The Chronicle Review

Five Views of 'Things Fall Apart'

February 08, 2008

It would be hard to overstate how important Things Fall Apart is for modern African literature. And yet, like many works at the root of literary traditions, its achievements are easy to overlook because it established a set of conventions and made them look natural.

Chinua Achebe found ways to represent the many forms of language that live together in modern Africa — indigenous mother tongues in their formal and informal modes and varieties of the colonial languages — by using different registers of English, from the sonorous cadences of the King James Bible to the crisp, clean prose of realist Anglo-American fiction. His choices now seem inevitable; but one has only to look at some of the earlier attempts at African novels in English to see that they were not.

He was able, too, to communicate, without exoticizing, an Igbo way of life that was already strange to many of his modern readers — in Africa as elsewhere — in part because he solved the problem of providing us with the background information we strangers needed without seeming to be simply ethnographic. The result was a world that many African readers have felt was theirs, even though it was, in fact, fully local to a particular place and time. (And, as T.S. Eliot said, "I doubt whether a poet or novelist can be universal without being local too.") Finally, I think he managed to represent the experience of colonization without reducing it to a caricature in black and white.

 — Kwame Anthony Appiah, professor of philosophy, Princeton University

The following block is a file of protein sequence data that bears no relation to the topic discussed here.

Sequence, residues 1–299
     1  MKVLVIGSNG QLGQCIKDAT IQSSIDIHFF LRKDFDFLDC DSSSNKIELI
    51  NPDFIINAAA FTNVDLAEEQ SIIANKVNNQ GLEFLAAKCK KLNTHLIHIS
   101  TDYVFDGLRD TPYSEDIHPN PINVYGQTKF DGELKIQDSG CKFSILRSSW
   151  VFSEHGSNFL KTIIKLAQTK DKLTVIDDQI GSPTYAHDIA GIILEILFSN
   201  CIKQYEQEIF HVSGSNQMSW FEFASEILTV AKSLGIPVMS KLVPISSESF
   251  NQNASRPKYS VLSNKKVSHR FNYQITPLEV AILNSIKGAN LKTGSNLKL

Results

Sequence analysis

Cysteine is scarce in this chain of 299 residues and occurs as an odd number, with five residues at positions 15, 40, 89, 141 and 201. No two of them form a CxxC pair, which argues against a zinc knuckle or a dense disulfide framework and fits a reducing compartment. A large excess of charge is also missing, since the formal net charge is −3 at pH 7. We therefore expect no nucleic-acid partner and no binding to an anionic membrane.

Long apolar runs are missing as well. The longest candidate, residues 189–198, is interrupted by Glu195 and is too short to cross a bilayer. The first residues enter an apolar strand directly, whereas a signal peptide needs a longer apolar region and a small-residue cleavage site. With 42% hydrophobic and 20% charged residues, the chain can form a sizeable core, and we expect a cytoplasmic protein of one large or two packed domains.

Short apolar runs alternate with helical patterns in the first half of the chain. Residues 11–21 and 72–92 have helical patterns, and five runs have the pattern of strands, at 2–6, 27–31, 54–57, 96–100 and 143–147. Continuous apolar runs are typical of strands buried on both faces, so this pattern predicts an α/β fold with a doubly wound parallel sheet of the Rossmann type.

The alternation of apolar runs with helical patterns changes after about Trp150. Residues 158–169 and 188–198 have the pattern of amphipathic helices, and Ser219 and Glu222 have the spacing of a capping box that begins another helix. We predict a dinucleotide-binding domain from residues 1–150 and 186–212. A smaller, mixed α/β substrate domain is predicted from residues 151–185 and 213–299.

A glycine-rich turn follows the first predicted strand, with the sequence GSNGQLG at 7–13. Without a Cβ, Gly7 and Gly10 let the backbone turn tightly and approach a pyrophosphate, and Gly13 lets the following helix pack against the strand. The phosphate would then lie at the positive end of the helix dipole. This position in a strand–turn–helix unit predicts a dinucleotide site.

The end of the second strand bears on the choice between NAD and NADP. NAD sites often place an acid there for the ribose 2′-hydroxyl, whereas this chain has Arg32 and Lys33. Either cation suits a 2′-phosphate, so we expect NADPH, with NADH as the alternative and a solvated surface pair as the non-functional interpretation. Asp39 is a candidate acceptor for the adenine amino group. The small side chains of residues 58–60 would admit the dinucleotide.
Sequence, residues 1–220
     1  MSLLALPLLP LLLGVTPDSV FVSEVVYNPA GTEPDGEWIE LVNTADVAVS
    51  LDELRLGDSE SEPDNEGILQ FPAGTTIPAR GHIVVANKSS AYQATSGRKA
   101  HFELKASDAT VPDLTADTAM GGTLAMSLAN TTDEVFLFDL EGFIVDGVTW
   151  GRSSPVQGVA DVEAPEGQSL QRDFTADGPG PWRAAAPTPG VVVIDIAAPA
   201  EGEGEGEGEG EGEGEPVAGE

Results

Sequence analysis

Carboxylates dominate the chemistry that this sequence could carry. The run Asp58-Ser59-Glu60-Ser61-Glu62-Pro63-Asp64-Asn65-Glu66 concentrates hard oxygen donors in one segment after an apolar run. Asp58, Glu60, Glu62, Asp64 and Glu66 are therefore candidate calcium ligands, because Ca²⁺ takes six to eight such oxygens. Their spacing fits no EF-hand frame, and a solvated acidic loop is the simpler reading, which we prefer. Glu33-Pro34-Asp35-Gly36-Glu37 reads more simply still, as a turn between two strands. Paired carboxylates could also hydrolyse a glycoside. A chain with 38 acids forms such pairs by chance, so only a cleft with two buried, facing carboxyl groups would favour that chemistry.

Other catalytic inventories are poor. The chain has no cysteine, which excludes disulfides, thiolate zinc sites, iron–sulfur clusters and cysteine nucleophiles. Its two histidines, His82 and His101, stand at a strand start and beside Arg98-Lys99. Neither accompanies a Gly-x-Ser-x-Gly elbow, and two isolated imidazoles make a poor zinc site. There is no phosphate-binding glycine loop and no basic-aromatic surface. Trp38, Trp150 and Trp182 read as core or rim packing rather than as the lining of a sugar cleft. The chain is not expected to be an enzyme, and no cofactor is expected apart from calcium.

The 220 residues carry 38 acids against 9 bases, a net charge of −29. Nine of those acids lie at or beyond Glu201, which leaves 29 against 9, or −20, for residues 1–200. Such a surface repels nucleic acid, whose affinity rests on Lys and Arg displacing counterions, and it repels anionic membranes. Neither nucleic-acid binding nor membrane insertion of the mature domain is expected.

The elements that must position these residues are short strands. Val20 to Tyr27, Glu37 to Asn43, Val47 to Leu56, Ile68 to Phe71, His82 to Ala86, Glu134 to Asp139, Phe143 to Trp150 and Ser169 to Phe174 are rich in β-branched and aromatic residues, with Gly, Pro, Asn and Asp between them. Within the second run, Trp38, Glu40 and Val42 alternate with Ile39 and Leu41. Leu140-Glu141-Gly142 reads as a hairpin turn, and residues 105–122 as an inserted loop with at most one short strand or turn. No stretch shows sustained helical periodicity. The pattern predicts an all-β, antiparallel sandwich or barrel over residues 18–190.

I grew up in Nsukka, a small university town in southeastern Nigeria, and I started reading when I was perhaps 4 years old. I read a lot of British children's literature. I was particularly enamored of Enid Blyton. I thought that all books, by their very nature, had to have white people in them, and so when I started to write, as soon as I was old enough to spell, I wrote the kinds of stories that I was reading. All my characters were white and had blue eyes and played in the snow and ate apples and had dogs called Socks; this, by the way, at a time when I had not been to England and had never seen snow and was more familiar with mangoes than apples.

Then, when I was perhaps 8 or 9, I read Chinua Achebe's Things Fall Apart. It was a glorious shock of discovery. Here were characters who had Igbo names and ate yams and inhabited a world similar to mine. Okonkwo and Ezinma and Ikemefuna taught me that my world was worthy of literature, that books could also have people like me in them. And so I like to think of Achebe as the writer whose work gave me permission to write my own stories.

 — Chimamanda Ngozi Adichie, author of Purple Hibiscus (Algonquin Books, 2003) and Half of a Yellow Sun (Knopf, 2006), winner of the 2007 Orange Broadband Prize for Fiction

Whichever way you look at it, Things Fall Apart yields a vast payout of meanings, symbols, and provocations. The dominant meaning seems to be that of the effect of colonialism upon a coherent Igbo community and on Okonkwo, the central protagonist. But this is just to brush the surface of the novel. Like all historical processes, these changes do not manifest themselves as abstractions but as the subtly altered behavior of certain individuals and constituencies through time.